How, and why, does the Nobel Committee decide whom to award the Peace Prize? It is a question that arises almost every year in early October. Unlike the science Nobels, which award work on “Higgs Bosons” and “multiscale models for complex chemical systems,” the work that leads to a Peace Prize can be understood by the layman. This year, the Nobel Committee bypassed Malala Yousafzai, the popular favorite to win, awarding instead the Organisation for the Prohibition of Chemical Weapons (OPCW). “We wanted to give a signal to the world that now we have the possibility to do away with a whole category of weapons of mass destruction,” Thorbjorn Jagland, chairman of the Nobel Committee, told on Tuesday. This year also marks the twenty-year anniversary of the Chemical Weapons Convention, which created the OPCW and calls on signatories to destroy their stockpiles. “Eighty per cent of chemical weapons have been eliminated and more than ninety percent of production capacity,” Jagland said.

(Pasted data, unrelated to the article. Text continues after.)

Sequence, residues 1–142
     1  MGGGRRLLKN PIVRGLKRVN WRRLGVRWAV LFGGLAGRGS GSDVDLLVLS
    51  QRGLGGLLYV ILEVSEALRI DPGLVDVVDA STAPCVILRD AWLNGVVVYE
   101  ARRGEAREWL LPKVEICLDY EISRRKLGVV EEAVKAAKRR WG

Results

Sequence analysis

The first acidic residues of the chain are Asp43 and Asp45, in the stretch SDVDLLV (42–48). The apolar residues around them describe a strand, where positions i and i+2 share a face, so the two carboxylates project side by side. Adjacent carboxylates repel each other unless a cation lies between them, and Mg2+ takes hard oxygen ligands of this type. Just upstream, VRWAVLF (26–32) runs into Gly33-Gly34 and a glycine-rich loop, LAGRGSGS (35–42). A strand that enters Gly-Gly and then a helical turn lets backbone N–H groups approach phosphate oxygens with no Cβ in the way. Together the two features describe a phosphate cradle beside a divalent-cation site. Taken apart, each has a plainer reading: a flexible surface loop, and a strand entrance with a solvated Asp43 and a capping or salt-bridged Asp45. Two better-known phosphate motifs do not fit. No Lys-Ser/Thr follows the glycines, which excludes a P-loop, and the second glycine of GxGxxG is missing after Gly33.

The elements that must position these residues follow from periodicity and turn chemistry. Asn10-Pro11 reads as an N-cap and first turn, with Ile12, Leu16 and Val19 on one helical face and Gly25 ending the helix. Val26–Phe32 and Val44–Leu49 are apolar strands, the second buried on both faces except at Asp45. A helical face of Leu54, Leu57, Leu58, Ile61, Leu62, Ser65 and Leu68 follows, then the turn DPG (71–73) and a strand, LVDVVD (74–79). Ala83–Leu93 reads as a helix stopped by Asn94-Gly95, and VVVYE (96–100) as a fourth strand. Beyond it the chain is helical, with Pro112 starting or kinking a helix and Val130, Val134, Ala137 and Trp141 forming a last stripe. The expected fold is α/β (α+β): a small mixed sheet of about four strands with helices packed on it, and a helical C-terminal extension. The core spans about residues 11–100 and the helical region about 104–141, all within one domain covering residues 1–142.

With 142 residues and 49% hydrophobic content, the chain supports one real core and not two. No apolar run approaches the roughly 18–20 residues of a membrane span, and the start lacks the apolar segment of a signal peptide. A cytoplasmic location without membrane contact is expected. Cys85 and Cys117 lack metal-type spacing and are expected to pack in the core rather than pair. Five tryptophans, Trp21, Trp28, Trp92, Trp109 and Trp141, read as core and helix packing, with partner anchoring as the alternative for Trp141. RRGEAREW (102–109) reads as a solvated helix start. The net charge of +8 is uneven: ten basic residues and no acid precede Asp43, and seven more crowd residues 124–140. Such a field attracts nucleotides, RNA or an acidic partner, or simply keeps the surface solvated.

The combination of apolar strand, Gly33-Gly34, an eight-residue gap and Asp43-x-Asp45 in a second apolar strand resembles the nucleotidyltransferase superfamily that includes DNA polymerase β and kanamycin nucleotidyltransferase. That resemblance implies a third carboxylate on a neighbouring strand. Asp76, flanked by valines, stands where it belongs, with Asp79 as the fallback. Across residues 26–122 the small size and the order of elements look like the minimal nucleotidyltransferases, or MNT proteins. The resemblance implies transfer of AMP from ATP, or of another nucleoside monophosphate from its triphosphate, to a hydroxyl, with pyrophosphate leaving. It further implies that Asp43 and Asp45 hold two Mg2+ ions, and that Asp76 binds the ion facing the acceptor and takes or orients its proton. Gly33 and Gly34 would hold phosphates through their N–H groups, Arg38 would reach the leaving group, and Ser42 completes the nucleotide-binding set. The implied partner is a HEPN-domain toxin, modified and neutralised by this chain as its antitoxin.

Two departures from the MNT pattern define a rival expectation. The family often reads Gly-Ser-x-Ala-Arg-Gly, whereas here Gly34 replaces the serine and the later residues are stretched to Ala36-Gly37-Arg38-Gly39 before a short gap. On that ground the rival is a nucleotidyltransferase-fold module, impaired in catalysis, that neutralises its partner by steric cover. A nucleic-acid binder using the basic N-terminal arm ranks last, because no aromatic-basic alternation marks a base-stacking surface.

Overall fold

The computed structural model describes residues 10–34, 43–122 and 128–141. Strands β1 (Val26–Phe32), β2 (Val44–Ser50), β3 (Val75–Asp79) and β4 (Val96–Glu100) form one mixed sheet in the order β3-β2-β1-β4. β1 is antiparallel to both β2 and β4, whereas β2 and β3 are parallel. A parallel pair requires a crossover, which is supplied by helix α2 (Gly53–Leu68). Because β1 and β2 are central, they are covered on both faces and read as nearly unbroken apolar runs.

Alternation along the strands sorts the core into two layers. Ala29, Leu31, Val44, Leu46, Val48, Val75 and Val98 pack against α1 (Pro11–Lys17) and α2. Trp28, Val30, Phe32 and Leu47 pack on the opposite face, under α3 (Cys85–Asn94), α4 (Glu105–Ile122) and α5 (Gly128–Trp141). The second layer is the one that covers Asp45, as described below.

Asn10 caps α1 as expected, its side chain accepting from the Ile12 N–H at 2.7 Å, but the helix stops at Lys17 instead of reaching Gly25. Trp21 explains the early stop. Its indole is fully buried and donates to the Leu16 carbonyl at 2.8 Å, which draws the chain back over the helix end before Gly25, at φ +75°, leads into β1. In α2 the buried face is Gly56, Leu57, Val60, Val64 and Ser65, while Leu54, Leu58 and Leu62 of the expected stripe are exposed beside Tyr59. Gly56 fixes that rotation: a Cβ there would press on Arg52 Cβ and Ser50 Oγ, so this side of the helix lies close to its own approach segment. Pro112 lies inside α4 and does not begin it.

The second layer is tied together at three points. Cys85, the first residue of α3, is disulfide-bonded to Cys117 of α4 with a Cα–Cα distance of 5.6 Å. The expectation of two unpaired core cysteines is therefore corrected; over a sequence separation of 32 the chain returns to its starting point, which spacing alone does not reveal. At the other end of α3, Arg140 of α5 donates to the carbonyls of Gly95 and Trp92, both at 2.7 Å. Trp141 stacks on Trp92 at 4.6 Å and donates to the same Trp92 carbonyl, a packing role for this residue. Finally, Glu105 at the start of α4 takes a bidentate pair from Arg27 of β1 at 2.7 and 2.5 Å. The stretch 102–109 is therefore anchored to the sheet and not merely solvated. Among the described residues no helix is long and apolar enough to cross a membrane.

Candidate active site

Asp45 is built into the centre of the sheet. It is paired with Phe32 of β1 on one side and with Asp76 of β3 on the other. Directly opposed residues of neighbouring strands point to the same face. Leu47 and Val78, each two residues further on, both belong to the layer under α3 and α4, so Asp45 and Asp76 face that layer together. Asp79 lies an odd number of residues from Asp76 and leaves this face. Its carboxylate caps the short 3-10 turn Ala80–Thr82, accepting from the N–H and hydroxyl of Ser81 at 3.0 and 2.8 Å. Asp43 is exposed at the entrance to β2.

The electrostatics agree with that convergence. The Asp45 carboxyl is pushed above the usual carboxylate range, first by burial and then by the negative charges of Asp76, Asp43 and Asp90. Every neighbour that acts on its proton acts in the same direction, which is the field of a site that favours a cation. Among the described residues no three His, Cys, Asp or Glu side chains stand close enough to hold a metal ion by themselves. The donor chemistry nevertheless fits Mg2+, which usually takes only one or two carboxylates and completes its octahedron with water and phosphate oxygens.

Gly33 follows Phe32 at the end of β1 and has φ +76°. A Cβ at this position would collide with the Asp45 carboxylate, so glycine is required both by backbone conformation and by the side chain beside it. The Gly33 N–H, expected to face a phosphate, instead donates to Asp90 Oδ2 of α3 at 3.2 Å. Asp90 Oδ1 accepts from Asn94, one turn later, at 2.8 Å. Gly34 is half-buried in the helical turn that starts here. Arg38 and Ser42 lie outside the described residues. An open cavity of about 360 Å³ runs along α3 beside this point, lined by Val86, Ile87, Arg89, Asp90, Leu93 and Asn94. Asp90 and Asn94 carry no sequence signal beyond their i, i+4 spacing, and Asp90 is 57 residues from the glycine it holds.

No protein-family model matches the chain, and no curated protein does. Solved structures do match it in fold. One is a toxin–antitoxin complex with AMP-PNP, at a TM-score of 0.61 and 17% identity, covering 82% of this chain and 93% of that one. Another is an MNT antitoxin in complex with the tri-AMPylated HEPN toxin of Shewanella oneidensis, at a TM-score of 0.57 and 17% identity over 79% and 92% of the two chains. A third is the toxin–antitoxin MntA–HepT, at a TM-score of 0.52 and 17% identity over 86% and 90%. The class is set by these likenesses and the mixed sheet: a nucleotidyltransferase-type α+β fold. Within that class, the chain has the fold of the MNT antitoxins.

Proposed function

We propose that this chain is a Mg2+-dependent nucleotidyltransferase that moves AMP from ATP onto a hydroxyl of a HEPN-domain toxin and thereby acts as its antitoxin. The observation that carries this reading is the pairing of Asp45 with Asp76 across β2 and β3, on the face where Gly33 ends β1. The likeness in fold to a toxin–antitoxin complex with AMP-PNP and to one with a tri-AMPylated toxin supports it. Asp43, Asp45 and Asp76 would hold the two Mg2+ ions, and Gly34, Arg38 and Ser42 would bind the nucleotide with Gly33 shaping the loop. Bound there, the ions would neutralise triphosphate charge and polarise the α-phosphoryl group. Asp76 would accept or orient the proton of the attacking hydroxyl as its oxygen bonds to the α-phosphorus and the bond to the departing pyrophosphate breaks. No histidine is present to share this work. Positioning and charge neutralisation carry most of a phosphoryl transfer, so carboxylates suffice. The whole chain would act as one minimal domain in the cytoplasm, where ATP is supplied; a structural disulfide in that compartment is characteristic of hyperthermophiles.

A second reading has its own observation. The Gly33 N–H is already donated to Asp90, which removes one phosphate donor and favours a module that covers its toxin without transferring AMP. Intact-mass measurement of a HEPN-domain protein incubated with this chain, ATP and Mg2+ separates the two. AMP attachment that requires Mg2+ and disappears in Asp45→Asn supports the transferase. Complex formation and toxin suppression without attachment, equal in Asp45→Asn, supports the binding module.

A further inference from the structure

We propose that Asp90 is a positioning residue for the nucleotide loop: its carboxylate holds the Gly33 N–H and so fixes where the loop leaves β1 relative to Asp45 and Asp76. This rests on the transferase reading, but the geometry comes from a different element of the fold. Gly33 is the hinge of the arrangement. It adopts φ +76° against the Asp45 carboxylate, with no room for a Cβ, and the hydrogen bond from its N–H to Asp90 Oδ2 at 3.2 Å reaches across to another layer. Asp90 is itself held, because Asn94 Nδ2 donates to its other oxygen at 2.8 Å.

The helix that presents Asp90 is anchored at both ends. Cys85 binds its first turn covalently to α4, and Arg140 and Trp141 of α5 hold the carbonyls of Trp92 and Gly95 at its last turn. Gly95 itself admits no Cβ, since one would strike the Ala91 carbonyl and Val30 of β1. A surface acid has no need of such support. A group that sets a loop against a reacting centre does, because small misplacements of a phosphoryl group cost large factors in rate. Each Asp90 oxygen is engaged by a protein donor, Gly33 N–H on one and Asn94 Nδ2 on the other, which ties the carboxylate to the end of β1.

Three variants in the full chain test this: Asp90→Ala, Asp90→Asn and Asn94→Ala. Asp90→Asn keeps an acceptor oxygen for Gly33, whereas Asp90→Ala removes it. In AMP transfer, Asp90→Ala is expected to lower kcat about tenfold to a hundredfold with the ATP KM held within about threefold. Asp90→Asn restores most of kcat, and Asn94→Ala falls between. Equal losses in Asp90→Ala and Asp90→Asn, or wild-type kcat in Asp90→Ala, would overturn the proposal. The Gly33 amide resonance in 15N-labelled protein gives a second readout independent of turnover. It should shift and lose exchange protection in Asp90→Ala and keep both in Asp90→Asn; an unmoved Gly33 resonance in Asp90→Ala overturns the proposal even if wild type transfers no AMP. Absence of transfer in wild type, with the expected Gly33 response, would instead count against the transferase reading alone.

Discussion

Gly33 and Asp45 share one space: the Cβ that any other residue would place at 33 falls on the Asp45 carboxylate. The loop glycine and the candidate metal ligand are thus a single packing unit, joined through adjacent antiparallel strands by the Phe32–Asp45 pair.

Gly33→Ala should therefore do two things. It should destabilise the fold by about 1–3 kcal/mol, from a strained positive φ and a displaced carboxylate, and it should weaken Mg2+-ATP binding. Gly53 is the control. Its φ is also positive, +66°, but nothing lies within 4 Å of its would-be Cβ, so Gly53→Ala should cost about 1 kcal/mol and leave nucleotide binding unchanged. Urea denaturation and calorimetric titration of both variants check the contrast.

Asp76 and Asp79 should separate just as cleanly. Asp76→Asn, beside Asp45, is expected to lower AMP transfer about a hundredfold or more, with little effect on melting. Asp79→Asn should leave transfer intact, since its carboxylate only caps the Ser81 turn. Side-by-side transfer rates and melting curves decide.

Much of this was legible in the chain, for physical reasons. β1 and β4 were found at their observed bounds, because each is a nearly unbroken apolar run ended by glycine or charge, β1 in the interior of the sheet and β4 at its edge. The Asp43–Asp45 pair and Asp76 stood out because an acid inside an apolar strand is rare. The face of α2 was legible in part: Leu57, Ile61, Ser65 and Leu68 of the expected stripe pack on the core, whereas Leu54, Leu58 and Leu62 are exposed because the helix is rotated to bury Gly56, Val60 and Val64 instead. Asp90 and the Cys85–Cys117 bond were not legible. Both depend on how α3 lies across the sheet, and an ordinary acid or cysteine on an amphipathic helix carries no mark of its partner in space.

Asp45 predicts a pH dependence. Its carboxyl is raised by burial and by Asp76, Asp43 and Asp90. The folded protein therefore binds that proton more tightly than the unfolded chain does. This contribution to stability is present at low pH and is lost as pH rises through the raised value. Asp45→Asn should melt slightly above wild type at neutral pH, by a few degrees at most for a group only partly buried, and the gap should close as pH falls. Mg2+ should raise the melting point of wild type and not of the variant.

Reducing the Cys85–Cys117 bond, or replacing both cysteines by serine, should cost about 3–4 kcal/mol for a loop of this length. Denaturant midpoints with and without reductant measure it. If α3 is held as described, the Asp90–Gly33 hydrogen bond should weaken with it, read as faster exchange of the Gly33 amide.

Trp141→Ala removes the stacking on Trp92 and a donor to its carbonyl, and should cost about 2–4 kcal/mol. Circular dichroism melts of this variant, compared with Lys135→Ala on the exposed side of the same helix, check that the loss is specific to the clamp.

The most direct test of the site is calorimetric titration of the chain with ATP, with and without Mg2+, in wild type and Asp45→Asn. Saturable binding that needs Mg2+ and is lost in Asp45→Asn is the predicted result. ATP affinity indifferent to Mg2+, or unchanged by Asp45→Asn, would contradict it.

Few had heard of the OPCW before it was tasked with dismantling Syria’s chemical stockpile, but Jagland denied that the development had anything to do with his committee’s decision. “Actually we decided this before what happened in Syria this summer,” he said. “We awarded this organization because of what the organization has done.” “But of course,” he added, “it’s very important also now to give a kind of moral support to what it is going to do in Syria.” So what of Malala Yousafzai, the 16-year-old Pakistani girl shot in the head by the Taliban last year for refusing to give up her fight for girls’ education? “Malala is an outstanding, courageous woman. She will certainly be a candidate for future years,” Jagland told Amanpour. “We cannot award people or organizations based on polls – we have to look at the will of Alfred Nobel.” The Committee, he added, only explains why it did give an award, not why it did not. Amanpour protested Jagland’s characterization of why Yousafzai did not get the Prize. “Well of course,” she said, “there weren’t polls; she actually took a bullet to the head for peace.” “The committee has awarded such personalities so many times,” he retorted, referring by way of example to the winner in 2010, Chinese activist Liu Xiaobo. “But we cannot do it every year,” he said. “We have to also look at the time of Alfred Nobel and the current situation in the world, and therefore we came to the conclusion that this year we should award OPCW.”